My mother is no longer with us, but, she still lives on in my memory. Of course, she was not always a mother and she had some fun times despite growing up during the war years. She was an entertaining storyteller and liked to reminisce. I remember her vivid retelling of how when she was a teenager she and a friend secretly went to a call for extras for a film and she was picked. Unfortunately, my grandfather was absolutely furious when he found out and would not allow her to take up the offer. When she was older she enjoyed amateur dramatics and particularly loved dancing. Naturally, as a teenager she liked to dress like the Hollywood stars of the day and people often remarked she reminded them of Rita Hayworth.
This will be the eighth Mother’s Day when I’ve not been planning a special lunch for her and it only seems like yesterday I was painting a silk scarf for her in her favourite colours. If she was still here today I think she’d like one of these scarves with plenty of old gold, mustard and a hint of chartreuse.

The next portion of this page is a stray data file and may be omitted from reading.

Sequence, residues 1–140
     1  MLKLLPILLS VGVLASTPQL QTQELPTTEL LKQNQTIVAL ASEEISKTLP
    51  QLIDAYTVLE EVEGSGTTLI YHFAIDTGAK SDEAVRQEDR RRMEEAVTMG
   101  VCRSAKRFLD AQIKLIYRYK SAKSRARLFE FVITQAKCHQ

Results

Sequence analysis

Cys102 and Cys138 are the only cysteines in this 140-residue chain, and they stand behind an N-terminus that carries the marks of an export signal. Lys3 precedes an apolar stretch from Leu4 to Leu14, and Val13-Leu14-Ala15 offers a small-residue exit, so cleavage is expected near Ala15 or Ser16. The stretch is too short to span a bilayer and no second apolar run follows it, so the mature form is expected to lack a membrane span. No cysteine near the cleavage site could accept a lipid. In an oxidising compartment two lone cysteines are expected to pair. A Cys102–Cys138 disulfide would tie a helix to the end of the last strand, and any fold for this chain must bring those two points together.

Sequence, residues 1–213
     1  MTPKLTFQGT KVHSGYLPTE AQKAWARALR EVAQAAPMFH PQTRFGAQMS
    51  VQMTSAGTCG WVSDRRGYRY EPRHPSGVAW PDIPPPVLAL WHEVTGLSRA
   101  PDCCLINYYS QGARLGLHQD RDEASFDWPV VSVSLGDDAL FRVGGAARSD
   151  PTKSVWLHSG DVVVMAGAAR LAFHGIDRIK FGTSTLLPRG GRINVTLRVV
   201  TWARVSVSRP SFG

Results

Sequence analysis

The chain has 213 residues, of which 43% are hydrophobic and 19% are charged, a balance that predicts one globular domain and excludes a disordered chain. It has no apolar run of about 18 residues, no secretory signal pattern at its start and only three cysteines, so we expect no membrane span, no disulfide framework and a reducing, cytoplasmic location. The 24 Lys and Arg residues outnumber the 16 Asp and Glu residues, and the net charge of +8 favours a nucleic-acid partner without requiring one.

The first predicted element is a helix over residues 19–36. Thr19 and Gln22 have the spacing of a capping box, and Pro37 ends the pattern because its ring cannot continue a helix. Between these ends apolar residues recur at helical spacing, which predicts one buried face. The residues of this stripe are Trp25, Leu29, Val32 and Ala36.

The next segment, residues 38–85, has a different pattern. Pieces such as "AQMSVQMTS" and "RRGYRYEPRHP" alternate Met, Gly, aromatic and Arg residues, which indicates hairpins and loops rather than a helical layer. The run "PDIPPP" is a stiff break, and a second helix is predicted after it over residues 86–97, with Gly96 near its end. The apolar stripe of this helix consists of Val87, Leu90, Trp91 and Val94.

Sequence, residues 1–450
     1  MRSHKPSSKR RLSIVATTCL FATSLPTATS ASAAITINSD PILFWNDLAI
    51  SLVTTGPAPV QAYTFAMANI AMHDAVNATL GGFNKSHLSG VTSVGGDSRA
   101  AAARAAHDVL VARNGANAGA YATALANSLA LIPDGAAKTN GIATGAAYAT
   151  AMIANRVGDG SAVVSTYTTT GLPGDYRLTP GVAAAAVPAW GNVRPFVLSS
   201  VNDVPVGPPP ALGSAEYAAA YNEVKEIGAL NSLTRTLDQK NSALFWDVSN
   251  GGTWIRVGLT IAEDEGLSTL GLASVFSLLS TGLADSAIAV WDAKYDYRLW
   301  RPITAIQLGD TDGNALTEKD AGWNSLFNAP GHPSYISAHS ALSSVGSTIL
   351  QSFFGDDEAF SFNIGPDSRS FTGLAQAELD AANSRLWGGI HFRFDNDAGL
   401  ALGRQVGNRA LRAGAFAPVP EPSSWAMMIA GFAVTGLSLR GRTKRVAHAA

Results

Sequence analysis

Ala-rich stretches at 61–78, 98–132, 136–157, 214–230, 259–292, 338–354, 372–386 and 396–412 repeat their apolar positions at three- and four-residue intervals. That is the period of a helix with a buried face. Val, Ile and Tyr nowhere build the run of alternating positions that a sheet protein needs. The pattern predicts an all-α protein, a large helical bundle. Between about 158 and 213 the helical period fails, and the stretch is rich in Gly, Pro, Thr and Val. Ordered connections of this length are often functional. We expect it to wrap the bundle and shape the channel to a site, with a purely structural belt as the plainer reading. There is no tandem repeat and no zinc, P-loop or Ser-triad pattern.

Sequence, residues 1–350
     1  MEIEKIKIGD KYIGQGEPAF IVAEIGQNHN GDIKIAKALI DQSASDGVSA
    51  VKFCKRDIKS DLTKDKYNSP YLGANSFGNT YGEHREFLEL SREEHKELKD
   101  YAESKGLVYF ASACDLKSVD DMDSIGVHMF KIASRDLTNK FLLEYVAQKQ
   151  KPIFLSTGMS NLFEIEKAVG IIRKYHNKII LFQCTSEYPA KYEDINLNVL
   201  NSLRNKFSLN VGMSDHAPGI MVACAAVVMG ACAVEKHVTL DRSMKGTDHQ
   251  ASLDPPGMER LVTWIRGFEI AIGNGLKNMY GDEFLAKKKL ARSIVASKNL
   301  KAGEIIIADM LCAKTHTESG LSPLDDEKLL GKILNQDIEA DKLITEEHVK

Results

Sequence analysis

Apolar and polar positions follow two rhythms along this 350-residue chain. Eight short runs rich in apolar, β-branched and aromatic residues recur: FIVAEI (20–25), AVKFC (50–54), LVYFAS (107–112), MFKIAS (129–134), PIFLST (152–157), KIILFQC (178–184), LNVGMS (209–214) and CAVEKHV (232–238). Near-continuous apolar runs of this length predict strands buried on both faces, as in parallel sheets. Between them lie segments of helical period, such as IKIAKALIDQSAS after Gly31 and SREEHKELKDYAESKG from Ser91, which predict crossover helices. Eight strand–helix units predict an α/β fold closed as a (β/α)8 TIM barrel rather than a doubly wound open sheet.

She used to joke she was a blonde in a brunette’s body. She was a spirited, golden girl with amber coloured eyes and one shade or another of blonde hair. Much missed.
Earlier this week I heard a fascinating and lively debate on a programme on BBC Radio4.* One thread of the discussion dynamically pursued the idea that everyday objects can be thought precious when imbued with intense personal significance for an individual. And, they didn’t just mean that crumpled ticket stub from the first date!
It was fascinating to think about how a commonplace item can trigger an emotional response in a similar way that a certain aroma evokes a poignant memory. I think it doesn’t even have to be a big, powerful memory attached to a commonplace object to momentarily flip you from the present to some other instance when you suddenly find yourself caught by the clarity of the object you have involuntarily brought into focus.
Recently for me it was a tin of Lyle’s Golden Syrup. There’s always a tin on my kitchen shelf and several empty tins floating around my home filled with pens or paintbrushes or random office bits and bobs. The green and gold of the tin, the Victorian design and the Biblical quote together forming this remarkable brand that has remained virtually unchanged since the 1880s. And according to the Guinness Book of Records is the world’s oldest brand.
But for me it means homemade treacle tart, very short, crumbly pastry and my exceedingly precise Nanna who was the queen of pastry making in our family.